We propose to develop biomarkers of natural toxins of great human health concern, using both targeted and untargeted approaches.
Title: Functional genomics of grasses to study plant adaption to extreme environments using high throughput sequencing approaches
Supervisors: Professor Andrew Meharg and Dr Caroline Meharg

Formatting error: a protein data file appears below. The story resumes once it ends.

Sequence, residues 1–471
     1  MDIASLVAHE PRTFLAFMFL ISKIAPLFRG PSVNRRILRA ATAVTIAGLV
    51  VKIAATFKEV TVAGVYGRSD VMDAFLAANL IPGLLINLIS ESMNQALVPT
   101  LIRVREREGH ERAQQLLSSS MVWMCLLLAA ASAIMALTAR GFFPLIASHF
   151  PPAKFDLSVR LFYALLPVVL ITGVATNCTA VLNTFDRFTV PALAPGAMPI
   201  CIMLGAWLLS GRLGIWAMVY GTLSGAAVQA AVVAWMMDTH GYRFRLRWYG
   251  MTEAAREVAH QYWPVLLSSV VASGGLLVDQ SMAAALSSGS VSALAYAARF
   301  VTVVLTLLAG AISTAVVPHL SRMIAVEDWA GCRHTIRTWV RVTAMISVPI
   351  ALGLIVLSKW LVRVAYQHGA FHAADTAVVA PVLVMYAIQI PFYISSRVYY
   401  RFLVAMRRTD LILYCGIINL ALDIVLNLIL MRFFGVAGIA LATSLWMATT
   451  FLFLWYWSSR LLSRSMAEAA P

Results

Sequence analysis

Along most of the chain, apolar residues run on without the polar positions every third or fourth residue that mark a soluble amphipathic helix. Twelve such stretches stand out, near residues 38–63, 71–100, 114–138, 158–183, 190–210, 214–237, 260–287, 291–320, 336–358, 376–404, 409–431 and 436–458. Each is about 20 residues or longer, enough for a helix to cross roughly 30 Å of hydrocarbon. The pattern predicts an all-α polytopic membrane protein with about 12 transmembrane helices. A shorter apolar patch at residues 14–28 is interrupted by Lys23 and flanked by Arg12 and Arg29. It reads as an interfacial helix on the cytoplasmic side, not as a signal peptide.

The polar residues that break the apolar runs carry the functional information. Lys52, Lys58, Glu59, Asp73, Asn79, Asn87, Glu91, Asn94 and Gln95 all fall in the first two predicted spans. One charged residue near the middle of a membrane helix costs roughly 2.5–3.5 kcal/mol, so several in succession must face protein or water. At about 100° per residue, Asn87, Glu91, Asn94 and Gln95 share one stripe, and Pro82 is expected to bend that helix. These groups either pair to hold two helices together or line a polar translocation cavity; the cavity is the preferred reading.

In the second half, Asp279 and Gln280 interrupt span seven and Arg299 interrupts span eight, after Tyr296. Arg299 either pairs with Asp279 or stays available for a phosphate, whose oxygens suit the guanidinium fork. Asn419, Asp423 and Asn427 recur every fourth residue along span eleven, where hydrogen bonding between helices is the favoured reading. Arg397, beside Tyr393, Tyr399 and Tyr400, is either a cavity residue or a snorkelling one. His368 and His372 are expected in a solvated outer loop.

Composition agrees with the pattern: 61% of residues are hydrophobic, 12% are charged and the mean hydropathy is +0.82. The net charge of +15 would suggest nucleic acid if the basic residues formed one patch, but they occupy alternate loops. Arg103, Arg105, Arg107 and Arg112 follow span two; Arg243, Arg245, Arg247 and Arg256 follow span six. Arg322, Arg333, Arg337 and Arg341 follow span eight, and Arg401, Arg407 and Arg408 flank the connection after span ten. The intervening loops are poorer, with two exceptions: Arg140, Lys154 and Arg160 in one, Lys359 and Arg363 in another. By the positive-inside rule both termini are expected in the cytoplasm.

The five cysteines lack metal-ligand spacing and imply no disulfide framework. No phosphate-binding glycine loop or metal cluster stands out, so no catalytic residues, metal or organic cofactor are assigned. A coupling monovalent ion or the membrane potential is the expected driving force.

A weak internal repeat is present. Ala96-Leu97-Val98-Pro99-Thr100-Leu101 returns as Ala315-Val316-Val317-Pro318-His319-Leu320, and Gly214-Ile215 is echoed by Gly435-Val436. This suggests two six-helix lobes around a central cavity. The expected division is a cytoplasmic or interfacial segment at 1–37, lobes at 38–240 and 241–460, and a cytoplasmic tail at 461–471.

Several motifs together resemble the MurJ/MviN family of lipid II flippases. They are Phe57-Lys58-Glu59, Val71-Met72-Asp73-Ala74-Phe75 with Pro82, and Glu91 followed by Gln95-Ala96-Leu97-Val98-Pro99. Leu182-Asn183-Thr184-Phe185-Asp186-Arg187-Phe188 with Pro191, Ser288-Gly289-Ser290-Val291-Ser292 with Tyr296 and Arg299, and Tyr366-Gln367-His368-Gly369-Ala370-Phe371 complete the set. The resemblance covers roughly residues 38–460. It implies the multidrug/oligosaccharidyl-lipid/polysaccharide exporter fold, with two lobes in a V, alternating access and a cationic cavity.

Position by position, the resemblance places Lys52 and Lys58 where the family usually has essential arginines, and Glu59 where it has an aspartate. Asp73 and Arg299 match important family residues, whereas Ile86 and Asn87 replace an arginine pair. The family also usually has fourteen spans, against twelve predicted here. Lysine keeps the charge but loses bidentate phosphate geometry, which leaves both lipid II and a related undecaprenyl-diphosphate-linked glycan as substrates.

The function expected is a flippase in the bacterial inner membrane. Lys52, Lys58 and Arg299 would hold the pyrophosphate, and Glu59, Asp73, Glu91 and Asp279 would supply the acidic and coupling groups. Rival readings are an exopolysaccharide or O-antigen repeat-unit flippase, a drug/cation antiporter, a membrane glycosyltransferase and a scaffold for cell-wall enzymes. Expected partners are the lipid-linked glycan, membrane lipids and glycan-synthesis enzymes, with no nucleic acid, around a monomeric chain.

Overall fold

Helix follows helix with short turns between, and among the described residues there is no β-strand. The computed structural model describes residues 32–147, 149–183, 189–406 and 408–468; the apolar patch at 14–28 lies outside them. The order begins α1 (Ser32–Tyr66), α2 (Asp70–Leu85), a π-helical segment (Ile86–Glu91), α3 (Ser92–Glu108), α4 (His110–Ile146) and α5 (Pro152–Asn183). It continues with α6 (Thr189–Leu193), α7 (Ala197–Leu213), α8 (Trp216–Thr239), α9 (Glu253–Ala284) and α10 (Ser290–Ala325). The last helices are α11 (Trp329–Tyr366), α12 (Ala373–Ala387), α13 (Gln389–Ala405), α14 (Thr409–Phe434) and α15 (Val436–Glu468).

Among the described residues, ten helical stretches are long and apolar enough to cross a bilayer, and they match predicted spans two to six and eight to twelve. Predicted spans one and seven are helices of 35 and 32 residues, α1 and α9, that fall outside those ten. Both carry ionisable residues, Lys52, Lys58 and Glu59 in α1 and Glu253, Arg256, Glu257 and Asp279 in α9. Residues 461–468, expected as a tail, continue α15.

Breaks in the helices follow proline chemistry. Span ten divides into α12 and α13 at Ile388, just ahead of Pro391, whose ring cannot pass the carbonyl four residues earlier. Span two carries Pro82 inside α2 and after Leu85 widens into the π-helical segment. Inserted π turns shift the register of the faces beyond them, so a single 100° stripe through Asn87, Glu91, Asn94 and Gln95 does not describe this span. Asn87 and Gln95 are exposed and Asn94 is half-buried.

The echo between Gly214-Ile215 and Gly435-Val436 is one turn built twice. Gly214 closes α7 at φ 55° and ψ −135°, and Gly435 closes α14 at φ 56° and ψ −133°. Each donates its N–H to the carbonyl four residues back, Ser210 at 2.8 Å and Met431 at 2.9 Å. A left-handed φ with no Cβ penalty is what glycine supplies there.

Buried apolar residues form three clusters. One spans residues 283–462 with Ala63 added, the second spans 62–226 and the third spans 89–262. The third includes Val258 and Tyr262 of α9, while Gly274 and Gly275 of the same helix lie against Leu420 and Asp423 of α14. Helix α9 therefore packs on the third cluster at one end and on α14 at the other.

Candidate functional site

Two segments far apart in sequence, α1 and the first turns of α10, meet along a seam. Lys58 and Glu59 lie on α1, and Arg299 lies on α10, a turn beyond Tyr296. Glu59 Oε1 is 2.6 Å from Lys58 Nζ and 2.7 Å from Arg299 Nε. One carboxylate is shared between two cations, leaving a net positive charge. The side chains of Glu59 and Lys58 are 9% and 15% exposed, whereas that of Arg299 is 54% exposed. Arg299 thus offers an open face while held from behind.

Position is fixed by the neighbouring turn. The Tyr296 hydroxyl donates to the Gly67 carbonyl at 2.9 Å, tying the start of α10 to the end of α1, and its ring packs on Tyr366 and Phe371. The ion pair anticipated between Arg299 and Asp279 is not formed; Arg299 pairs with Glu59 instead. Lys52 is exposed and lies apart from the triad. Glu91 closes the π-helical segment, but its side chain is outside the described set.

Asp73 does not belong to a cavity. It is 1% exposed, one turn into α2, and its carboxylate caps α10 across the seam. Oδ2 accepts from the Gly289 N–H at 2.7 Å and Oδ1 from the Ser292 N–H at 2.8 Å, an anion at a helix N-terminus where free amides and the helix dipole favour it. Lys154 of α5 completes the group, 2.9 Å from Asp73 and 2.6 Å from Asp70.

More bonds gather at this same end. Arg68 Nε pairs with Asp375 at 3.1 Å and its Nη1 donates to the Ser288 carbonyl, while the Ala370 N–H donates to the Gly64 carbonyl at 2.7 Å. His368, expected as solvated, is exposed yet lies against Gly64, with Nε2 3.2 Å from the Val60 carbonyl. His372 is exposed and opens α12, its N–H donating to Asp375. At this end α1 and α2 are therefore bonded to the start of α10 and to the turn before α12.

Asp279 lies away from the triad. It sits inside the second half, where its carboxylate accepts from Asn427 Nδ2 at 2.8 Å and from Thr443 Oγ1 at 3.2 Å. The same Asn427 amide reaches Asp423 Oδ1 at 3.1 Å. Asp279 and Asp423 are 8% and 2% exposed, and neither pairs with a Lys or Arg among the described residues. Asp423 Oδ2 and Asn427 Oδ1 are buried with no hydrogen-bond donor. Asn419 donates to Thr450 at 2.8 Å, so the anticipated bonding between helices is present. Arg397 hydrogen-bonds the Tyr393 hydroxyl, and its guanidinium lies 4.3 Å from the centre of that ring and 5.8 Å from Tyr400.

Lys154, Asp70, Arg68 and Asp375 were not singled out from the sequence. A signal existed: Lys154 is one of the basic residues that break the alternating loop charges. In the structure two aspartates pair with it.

The next generation sequencing revolution now provides an unparalleled opportunity to understand the mechanisms of organismal evolution. Some of the best exemplars of micro-evolutionary change are adaption of certain plant species to hostile soil and environmental habitats where the same species is found in "normal" and "extreme" ecological niches. De novo Transcriptome assembly is a rapid and relatively cheap way of identifying genes that are different in function and/or differentially expressed between genotypes and we have used to this approach already to study arsenic tolerance in the wild grass Holcus lanatus. This common grass is adapted to many extreme environments besides arsenic, namely: acid bogs, calcareous grasslands, dune and other maritime locations, Serpentine soils and lead, zinc and copper impacted soils. By understanding the molecular mechanisms and genetics involved in plant adaptation to salt, acid/alkalinity or toxic metals (some of which are also essential plant and human nutrients), genes lost from crop plants through intensive breeding can be rediscovered, ultimately enabling the breeding of more sustainable crops and extending the agronomic environments capable of supporting crops, given that climate change is impacting soils in a negative way, i.e. towards them to being more extreme with respect to maintaining crop yields.